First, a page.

Despite the severity of threats to personal safety and security, the prevalence of threats to livelihoods is more significant. Restrictions on civilian movement to fields and markets have increased markedly during the past two years. The survey findings indicate that this is now the most pervasive human rights abuse, followed by forced labour and extortion or arbitrary taxation. The proportion of households affected by these patterns of abuse was highest in mixed administration areas and relocation sites, which is indicative of the oppressive conditions associated with living in close proximity to the Burmese army. Conversely, the destruction or confiscation of food supplies and the destruction of, or forced eviction from, housing primarily targeted villagers hiding in the most contested areas. This reflects the government’s counter-insurgency strategy, which deliberately targets civilians through impoverishment and deprivation.

Assessments of malnutrition have been utilised to quantify the extent of vulnerability. In 2007, acute malnutrition was detected amongst 9.5% of internally displaced children, which borders on a serious public health problem according to World Health Organisation standards. This compares poorly to the latest national baseline figures, which indicate that 7.4% of children are acutely malnourished. Given that a third of children are chronically malnourished nationwide, it can be speculated that close to half the children in internally displaced communities suffer from stunting.

In terms of coping strategies, the significance of traders and other civilians as a source of early warning about approaching troop movements appears to have decreased during the past few years. Civilians have become more dependent on their own village security guards as a result of increased restrictions on movement weakening broader economic and social networks. However, accessing loans and aid from neighbours remain key mechanisms for coping with shocks to livelihoods. This highlights the continued importance of social capital within and between local communities for the development of a protective environment.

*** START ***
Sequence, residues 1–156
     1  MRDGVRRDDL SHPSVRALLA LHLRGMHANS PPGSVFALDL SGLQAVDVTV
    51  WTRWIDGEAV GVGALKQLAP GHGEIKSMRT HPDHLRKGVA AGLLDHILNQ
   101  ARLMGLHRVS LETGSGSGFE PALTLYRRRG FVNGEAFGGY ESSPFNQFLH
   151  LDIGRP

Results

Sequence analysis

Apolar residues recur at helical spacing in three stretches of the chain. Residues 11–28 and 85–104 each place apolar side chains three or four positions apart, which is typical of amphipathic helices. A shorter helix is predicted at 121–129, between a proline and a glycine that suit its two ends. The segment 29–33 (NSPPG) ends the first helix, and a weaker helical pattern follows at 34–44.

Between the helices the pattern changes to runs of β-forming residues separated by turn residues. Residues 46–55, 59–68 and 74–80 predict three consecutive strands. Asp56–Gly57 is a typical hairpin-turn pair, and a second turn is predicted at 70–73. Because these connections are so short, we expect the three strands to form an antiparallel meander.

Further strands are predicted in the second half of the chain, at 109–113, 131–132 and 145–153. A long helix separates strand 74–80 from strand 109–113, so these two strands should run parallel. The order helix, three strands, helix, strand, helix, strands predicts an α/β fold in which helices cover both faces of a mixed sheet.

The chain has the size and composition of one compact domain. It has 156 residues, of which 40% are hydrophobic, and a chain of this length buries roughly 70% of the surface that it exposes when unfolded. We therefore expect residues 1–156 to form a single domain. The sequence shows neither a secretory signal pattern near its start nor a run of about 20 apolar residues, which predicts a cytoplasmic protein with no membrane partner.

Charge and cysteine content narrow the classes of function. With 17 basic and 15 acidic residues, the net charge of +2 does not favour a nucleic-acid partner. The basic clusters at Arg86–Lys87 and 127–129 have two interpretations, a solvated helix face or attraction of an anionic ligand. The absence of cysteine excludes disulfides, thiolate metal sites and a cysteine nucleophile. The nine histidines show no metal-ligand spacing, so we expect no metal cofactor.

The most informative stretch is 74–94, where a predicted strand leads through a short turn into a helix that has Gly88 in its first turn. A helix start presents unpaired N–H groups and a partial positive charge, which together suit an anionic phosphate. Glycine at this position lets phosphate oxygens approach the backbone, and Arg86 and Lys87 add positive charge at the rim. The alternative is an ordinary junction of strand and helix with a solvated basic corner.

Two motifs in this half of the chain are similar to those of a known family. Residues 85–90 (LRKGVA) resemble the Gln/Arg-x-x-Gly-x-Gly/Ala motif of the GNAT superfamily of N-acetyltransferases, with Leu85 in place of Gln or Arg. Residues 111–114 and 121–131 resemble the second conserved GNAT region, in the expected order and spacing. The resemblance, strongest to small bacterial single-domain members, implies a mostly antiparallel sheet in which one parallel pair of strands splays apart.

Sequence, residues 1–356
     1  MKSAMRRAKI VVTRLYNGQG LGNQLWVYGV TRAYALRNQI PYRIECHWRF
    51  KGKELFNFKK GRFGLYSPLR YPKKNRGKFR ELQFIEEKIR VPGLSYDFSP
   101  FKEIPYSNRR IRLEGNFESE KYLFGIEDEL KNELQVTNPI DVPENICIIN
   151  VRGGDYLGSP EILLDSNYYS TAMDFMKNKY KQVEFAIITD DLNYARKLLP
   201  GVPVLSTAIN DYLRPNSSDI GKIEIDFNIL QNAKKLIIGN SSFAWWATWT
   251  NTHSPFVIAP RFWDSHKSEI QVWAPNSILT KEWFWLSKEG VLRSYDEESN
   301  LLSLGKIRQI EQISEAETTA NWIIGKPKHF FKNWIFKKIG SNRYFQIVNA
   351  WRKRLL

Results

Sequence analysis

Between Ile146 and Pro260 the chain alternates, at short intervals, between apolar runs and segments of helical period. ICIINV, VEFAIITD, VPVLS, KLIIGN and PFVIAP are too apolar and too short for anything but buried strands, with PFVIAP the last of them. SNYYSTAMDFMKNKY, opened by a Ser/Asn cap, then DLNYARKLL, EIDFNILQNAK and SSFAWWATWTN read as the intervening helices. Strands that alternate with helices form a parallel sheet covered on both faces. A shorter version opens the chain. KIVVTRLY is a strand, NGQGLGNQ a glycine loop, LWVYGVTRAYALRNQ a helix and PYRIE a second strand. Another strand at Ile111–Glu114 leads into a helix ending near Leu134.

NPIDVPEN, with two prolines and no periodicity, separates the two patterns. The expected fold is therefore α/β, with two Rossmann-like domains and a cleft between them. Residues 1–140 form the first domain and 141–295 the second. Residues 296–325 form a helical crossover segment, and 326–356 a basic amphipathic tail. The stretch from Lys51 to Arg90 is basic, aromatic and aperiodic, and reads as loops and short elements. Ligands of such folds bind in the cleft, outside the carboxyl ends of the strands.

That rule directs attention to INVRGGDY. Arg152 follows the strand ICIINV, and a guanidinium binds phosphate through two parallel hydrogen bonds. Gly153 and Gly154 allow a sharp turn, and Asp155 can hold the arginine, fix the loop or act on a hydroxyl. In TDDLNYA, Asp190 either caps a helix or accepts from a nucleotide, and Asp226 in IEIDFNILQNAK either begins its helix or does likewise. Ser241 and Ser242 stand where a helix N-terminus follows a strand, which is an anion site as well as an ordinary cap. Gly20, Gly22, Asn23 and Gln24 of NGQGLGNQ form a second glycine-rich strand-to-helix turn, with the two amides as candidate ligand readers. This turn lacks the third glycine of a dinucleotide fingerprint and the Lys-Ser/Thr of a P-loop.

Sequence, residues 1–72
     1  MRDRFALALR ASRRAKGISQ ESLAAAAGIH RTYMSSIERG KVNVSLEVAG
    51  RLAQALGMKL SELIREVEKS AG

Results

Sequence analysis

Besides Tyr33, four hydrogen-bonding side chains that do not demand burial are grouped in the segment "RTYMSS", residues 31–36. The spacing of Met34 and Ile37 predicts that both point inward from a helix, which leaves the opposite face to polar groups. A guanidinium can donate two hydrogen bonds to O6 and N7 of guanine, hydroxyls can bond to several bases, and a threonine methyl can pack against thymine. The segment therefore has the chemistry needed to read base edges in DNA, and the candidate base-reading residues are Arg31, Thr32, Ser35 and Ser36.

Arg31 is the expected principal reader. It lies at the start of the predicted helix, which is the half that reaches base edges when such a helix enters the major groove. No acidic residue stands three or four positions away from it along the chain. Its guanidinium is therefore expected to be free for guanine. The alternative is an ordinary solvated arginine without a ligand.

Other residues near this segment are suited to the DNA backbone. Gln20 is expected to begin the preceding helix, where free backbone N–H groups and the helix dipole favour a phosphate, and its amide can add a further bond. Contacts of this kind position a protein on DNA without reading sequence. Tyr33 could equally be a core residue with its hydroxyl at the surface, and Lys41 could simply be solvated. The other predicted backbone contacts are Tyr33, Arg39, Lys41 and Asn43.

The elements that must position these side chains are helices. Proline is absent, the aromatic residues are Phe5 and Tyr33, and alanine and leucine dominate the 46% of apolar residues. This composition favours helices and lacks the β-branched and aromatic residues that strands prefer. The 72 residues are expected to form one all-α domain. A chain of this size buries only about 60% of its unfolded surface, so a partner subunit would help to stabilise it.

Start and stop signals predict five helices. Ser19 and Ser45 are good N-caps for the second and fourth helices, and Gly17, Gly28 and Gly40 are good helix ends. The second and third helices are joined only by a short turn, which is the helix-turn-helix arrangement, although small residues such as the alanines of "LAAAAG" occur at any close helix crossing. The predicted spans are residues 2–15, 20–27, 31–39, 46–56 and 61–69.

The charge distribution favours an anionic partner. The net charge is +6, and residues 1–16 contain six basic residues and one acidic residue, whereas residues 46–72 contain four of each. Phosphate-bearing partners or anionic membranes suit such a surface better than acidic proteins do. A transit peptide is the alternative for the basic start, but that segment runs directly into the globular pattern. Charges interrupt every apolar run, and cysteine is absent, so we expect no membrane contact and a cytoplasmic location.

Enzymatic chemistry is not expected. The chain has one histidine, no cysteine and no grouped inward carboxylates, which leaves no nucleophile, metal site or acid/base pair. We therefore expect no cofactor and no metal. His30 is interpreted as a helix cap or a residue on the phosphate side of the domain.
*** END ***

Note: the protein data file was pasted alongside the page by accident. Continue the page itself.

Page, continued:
Humanitarian action and the Responsibility to Protect

Despite concessions made in the Irrawaddy Delta after Cyclone Nargis, the junta’s restrictions on humanitarian access continue to obstruct aid workers elsewhere in Burma, particularly in conflict-affected areas. Indeed, the junta categorically ‘rejects the assertion of the presence of a large number of internally displaced persons’ in eastern Burma (U Nyunt Maung Shein, Myanmar Permanent Representative to Geneva, UN Human Rights Council, 27 September 2007). The large scale of displacement and the obstruction of relief efforts are indicative of ongoing violations of human rights and humanitarian law in eastern Burma.

Agencies based inside the country can reach more stable areas, including some internally displaced communities in government-controlled relocation sites and ethnic ceasefire zones, but the scale of this assistance remains limited. Cross-border aid is vital in order to access and assist the most vulnerable communities. In 2007, approximately $7 million was channelled into cross-border initiatives supporting livelihoods, health care, education, human rights, environmental protection, independent media and community rehabilitation.

The evidence cited in TBBC’s latest report appears to strengthen Amnesty International’s assessment that the violations in eastern Burma meet the legal threshold to constitute crimes against humanity (Amnesty International, Crimes Against Humanity in Eastern Burma, ASA 16/011/2008, 5 June 2008). International law recognises crimes against humanity as acts committed as part of a widespread or systematic attack against any civilian population. Attacks on civilians refer not only to military assaults but also to the multiple commission of acts such as murder, enslavement, forcible transfer of population, torture and rape when related to a state policy. This definition reflects customary international law binding on all states, including Burma.

Sceptics argue that raising allegations about crimes against humanity will merely frustrate the promotion of political dialogue. However, just as the provision of humanitarian assistance should not be dependent upon political reform, humanitarian protection and the administration of justice should not be sacrificed to expedite political dialogue. The reality is that ‘the authorities have consistently refused to enter into a serious discussion of these abuses with a view to putting a stop to them’ (International Committee of the Red Cross, Press Release: ICRC Denounces Major and Repeated Violations of International Humanitarian Law, Yangon/Geneva, 29 June 2007). The threat of prosecution may actually increase the leverage of the diplomatic community and provide an incentive for the governing regime to end the climate of impunity.

Given the impunity with which violations have been committed, and the Burmese junta’s failure to implement recommendations formulated by relevant United Nations’ bodies, (Paulo Sergio Pinheiro, Report of the Special Rapporteur on the Situation of Human Rights in Myanmar, UN Human Rights Council, A/HRC/7/18, 7 March 2008) the responsibility to protect shifts to the international community. The challenge remaining for the international community is to operationalise this responsibility in Burma and hold the junta to account.

The Thailand Burma Border Consortium (www.tbbc.org) is an alliance of 11 international NGOs providing food, shelter and non-food items to refugees and displaced people from Burma. The Displacement Research team can be emailed at: tbbcbkk@tbbc.org.